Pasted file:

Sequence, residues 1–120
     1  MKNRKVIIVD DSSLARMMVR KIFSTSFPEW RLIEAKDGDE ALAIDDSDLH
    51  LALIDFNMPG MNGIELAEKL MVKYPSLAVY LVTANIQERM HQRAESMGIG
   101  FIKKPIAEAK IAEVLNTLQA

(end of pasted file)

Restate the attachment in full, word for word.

Sequence, residues 1–120
     1  MKNRKVIIVD DSSLARMMVR KIFSTSFPEW RLIEAKDGDE ALAIDDSDLH
    51  LALIDFNMPG MNGIELAEKL MVKYPSLAVY LVTANIQERM HQRAESMGIG
   101  FIKKPIAEAK IAEVLNTLQA